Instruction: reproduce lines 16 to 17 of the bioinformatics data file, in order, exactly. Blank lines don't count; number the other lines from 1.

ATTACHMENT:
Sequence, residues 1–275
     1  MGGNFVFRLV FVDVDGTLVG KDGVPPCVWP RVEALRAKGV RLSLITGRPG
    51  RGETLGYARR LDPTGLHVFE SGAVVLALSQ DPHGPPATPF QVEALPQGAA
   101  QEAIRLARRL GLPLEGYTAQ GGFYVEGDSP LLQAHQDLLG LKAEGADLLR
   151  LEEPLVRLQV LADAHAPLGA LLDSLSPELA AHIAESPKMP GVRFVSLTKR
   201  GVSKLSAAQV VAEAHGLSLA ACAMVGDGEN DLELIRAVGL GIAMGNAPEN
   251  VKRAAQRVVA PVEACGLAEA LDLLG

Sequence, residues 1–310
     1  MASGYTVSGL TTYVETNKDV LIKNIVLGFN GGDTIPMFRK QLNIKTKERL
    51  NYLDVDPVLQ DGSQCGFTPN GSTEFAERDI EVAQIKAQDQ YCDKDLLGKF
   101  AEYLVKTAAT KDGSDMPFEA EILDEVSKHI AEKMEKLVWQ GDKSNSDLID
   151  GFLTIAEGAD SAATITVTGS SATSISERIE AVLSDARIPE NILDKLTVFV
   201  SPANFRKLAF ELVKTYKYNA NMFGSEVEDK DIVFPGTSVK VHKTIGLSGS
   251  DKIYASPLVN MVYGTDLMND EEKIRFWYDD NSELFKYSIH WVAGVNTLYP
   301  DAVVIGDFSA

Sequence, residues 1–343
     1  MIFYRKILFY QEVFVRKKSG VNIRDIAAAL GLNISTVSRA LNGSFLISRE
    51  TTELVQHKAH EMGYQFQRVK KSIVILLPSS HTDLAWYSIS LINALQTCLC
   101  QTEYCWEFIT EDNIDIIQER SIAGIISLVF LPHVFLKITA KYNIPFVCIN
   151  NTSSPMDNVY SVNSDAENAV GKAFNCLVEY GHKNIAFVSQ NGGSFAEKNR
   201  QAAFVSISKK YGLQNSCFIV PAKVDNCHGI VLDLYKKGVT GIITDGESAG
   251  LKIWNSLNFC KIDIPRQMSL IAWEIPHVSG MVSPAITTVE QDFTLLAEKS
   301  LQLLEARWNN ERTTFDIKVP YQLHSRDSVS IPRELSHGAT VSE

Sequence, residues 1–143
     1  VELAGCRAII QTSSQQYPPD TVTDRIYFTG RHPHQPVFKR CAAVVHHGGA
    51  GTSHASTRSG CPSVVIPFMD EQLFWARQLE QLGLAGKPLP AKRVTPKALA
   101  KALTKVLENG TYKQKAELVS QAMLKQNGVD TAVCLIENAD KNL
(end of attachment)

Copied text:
Sequence, residues 1–343
     1  MIFYRKILFY QEVFVRKKSG VNIRDIAAAL GLNISTVSRA LNGSFLISRE